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People v. Peck

Supreme Court of New York, Appellate Division

July 11, 1911

WILLARD H. PECK, Appellant.

APPEAL by the defendant, Willard H. Peck, from a judgment of the Supreme Court rendered against him on the 25th day of July, 1910, convicting him of the crime of perjury; also from an order bearing date the 4th day of March, 1910, and entered in the office of the clerk of the county of Onondaga overruling the defendant's demurrers to the indictment, and also from an order entered in said clerk's office on the 25th day

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of July, 1910, denying the defendant's motion for a new trial made upon the minutes.


William Nottingham and Ceylon H. Lewis, for the appellant.

George Hopkins Bond, District Attorney, and George W. Standen, for the respondent.


The indictment, upon which defendant's conviction was had, charges that the perjury assigned was committed during the course of an examination made by an examiner appointed by the Superintendent of Insurance to examine into and report on the affairs of the People's Mutual Life Insurance Association, an insurance society and corporation duly organized, incorporated and existing under and by virtue of the laws of this State and doing business at the city of Syracuse, which was subject to the supervision of the Insurance Department of this State, of which corporation defendant was at all the times thereinafter mentioned an officer and secretary, and that on the 6th day of January, 1910, in the course of such examination the defendant was duly sworn before the said examiner to give true evidence touching the matters in question upon such examination, the said examiner then and there having sufficient and competent authority to administer such oath in that behalf. The indictment further charges that upon said examination it became then and there a material question whether a contract which the defendant had with the corporation that it should pay defendant three cents from each quarterly capita tax paid by every member belonging to it and one-half cent from each monthly rate payment on all certificates issued by it was a liability of the corporation, whether said contract was binding upon it, whether such contract was valuable, whether it owed defendant upon such contract, and whether said contract represented a legal claim against it. It is further charged that defendant, being so sworn and upon oath, falsely, feloniously, corruptly, knowingly and willfully testified that 'he thought that said contract was a liability' of the corporation 'and that he believed that at all times said contract was binding upon' it, 'and that he considered said contract valuable,' and that he 'considered' the corporation 'owed him * * *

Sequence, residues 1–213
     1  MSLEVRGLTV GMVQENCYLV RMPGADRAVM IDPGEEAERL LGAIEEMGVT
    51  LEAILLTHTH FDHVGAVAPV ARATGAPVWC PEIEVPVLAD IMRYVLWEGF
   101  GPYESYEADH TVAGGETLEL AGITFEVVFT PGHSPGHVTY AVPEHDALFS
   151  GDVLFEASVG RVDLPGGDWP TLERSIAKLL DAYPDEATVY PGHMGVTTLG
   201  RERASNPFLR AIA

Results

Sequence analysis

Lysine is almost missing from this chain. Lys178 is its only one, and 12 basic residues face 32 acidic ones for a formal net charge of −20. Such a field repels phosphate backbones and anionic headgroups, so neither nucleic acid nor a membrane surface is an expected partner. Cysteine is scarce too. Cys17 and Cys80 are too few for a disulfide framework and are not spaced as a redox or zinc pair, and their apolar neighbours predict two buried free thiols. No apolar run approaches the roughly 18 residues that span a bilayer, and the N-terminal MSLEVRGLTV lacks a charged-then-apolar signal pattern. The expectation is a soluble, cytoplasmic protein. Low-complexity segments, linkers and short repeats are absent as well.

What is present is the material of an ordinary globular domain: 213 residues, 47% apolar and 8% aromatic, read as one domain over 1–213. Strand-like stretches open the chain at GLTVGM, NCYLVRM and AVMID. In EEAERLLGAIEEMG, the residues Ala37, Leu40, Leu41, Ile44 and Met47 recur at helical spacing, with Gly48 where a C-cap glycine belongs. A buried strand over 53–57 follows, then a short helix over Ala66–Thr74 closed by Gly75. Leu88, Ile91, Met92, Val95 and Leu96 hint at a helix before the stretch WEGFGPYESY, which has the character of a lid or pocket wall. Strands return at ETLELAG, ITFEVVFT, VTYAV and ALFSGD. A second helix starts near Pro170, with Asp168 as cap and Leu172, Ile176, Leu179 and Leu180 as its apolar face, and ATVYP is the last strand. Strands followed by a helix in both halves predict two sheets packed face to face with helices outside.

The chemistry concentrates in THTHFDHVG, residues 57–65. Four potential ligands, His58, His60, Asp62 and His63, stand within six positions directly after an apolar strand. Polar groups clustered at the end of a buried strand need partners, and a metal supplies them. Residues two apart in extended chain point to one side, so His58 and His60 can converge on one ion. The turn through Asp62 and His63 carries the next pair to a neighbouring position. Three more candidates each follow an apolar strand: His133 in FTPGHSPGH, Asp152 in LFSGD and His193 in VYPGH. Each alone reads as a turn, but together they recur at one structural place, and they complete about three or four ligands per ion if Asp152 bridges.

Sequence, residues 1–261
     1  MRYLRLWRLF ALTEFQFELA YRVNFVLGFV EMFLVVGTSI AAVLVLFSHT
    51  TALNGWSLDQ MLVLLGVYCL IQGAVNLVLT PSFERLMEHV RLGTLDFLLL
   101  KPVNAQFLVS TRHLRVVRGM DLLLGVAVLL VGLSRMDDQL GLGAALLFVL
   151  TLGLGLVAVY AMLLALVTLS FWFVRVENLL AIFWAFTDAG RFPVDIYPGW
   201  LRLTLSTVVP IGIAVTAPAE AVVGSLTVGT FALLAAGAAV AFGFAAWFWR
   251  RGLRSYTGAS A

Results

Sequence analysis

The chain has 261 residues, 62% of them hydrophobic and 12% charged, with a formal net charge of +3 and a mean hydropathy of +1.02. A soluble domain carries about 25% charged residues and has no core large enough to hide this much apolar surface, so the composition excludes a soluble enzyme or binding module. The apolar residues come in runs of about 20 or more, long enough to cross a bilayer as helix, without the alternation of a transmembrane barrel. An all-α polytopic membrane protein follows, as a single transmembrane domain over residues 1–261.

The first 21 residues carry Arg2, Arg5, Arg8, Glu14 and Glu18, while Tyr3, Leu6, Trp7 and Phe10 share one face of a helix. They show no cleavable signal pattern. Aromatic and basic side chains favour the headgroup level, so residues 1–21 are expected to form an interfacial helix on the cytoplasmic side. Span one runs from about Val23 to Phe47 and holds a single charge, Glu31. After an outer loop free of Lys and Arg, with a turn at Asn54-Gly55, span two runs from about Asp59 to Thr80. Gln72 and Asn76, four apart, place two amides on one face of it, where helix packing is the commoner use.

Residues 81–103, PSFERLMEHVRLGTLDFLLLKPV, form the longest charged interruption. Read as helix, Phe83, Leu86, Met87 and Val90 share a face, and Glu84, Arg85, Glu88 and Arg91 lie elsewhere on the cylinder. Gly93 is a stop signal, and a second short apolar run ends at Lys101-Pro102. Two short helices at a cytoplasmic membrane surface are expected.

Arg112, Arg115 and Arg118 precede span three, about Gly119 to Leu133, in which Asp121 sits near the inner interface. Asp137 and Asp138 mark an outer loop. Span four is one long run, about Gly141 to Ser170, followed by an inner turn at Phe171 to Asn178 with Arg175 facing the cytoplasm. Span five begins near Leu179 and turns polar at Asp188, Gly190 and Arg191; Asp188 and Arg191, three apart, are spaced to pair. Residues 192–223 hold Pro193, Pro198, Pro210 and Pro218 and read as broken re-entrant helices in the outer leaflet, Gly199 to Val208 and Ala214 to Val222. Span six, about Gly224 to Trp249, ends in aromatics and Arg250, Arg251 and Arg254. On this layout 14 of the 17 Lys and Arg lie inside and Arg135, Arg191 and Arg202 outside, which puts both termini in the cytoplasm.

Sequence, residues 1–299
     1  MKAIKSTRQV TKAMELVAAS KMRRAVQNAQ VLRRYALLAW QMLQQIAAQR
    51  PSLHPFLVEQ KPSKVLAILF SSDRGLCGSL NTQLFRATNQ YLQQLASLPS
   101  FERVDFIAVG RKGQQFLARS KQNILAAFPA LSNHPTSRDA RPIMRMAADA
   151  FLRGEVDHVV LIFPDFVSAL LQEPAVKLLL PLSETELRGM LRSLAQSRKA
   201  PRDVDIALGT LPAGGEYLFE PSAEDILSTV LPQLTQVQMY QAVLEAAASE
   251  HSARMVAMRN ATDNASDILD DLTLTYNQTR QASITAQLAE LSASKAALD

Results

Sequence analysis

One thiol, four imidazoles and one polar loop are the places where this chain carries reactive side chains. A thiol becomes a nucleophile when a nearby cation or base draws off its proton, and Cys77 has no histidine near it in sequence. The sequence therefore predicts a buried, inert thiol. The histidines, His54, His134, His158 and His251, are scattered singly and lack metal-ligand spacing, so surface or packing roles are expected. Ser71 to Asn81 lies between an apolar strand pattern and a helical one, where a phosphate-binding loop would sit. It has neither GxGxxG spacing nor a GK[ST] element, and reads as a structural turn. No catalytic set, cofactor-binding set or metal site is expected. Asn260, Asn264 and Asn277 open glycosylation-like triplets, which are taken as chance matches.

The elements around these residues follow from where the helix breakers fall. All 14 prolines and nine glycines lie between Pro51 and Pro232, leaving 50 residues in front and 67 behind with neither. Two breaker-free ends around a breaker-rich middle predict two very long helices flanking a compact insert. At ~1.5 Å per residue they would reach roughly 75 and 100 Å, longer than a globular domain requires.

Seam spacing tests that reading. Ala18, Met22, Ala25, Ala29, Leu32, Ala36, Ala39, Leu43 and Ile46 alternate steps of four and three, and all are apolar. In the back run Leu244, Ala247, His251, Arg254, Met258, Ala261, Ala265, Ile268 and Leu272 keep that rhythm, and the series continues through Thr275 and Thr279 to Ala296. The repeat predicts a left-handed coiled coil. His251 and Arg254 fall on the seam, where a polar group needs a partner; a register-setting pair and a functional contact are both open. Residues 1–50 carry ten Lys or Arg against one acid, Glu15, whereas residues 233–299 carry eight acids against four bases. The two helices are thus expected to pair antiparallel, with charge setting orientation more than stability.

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upon said contract,' and that 'he believed that said contract represented a legal claim against' it. Each of these statements is then separately negatived; and it is further charged that defendant in each instance well knew that the fact was contrary to the statement so made of what he thought, believed or considered such fact to be.

The question of the sufficiency and legality of the indictment was directly and fully presented by the demurrers interposed thereto.